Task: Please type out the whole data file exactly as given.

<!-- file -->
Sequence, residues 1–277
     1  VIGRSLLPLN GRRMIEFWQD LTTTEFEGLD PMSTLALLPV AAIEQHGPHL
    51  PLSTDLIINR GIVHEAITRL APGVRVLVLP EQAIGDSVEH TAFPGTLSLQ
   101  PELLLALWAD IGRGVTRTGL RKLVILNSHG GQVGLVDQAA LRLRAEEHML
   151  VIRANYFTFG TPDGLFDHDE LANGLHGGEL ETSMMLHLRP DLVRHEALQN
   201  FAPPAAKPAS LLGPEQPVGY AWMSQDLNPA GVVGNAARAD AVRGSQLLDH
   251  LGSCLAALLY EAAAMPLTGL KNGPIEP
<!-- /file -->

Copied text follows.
Sequence, residues 1–277
     1  VIGRSLLPLN GRRMIEFWQD LTTTEFEGLD PMSTLALLPV AAIEQHGPHL
    51  PLSTDLIINR GIVHEAITRL APGVRVLVLP EQAIGDSVEH TAFPGTLSLQ
   101  PELLLALWAD IGRGVTRTGL RKLVILNSHG GQVGLVDQAA LRLRAEEHML
   151  VIRANYFTFG TPDGLFDHDE LANGLHGGEL ETSMMLHLRP DLVRHEALQN
   201  FAPPAAKPAS LLGPEQPVGY AWMSQDLNPA GVVGNAARAD AVRGSQLLDH
   251  LGSCLAALLY EAAAMPLTGL KNGPIEP